A Quickie With…. M.W. Craven

M. W. Craven was born in Carlisle but grew up in Newcastle, running away to join the army at the tender age of sixteen. He spent the next ten years travelling the world having fun, leaving in 1995 to complete a degree in social work with specialisms in criminology and substance misuse. Thirty-one years after leaving Cumbria, he returned to take up a probation officer position in Whitehaven, eventually working his way up to chief officer grade. Sixteen years later he took the plunge, accepted redundancy and became a full-time author. He now has entirely different motivations for trying to get inside the minds of criminals . . .

M. W. Craven is married and lives in Carlisle with his wife, Joanne. When he isn’t out with his springer spaniel, or talking nonsense in the pub, he can be found at punk gigs and writing festivals up and down the country.

Tell me about your book and why we should read it?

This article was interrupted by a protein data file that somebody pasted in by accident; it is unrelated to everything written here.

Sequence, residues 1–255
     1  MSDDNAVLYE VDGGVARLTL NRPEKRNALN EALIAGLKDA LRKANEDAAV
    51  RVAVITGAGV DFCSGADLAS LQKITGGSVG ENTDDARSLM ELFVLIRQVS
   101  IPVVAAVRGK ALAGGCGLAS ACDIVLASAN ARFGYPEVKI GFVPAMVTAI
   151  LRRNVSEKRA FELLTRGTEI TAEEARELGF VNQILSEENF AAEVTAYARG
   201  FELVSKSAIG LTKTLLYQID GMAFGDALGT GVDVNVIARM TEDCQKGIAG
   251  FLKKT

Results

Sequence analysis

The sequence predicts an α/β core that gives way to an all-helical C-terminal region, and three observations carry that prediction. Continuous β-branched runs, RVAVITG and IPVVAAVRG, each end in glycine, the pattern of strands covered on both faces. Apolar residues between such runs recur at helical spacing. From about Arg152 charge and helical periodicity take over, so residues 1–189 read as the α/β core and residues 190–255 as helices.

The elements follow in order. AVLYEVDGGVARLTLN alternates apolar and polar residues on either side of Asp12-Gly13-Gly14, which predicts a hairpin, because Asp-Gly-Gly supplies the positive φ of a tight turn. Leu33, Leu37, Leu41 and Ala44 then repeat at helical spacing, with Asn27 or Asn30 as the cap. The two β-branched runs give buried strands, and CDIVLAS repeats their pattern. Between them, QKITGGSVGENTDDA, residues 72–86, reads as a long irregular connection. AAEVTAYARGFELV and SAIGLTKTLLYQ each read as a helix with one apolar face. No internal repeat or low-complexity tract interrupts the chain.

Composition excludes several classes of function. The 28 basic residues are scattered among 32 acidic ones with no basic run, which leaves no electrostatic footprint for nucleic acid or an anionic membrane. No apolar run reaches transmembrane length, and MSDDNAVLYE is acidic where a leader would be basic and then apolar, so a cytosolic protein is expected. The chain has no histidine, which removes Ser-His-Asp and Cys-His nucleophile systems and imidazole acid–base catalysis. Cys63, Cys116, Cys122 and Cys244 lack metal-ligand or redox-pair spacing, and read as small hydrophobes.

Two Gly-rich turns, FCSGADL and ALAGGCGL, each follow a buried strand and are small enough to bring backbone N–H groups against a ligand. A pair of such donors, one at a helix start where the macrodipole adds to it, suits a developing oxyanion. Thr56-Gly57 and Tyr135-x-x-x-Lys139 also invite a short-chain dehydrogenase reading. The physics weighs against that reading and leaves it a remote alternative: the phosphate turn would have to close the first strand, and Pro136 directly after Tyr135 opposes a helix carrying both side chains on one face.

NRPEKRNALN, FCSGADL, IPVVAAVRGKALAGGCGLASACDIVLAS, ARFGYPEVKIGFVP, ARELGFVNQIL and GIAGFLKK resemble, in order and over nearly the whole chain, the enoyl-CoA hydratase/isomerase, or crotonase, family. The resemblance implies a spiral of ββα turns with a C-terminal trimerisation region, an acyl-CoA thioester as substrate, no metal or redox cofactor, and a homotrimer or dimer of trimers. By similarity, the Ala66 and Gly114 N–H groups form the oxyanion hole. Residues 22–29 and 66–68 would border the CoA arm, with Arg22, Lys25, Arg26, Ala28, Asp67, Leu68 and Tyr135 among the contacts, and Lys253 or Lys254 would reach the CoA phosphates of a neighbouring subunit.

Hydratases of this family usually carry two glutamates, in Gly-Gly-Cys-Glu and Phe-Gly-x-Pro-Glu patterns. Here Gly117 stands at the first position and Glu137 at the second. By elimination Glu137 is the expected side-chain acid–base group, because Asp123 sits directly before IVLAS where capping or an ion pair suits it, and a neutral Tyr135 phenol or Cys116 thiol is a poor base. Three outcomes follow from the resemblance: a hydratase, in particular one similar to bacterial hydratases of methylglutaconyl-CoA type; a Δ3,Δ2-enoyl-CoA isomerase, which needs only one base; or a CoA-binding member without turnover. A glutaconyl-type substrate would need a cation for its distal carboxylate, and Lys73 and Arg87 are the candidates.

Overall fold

The Botanist is the fifth in the award-winning (The Puppet Show won the CAW Gold Dagger in 2019 and Dead Ground won the CWA Ian Fleming Steel Dagger last month), Sunday Times bestselling Washington Poe and Tilly Bradshaw series. You should read it because it’s funny and has lots of interesting facts (and some gross ones) about goats. Also Poe accidentally puts breast milk in his tea.

If someone was to write your life story what would the title be?

Well, I thought it was funny.

What’s the strangest fan question or request you’ve received?

At the northern launch of The Botanist, which over 300 people attended, one well-refreshed person wanted me to write ‘Trainers’ in her book. Not to dedicate it to ‘Trainers’, just to write that and nothing else. Not even my signature. No idea why.

If you could co-write with anyone in the world (alive or dead) who would it be?

Terry Pratchett. No question

Tell me something nobody else knows about you (yet!).

I used to have a pet crocodile.

Finally please recommend 3 books that you have recently read and tell me why you’ve chosen these.

All I Said Was True by Imran Mahmood. Another sensational book from one of the best writers in the UK.

Razorblade Tears by SA Cosby. The best book I’ve read this year.

The Sudden Appearance of Hope by Claire North. High-concept book about Hope, a woman who for some reason cannot be remembered. Superbly written, unusual and a genuine page-turner.

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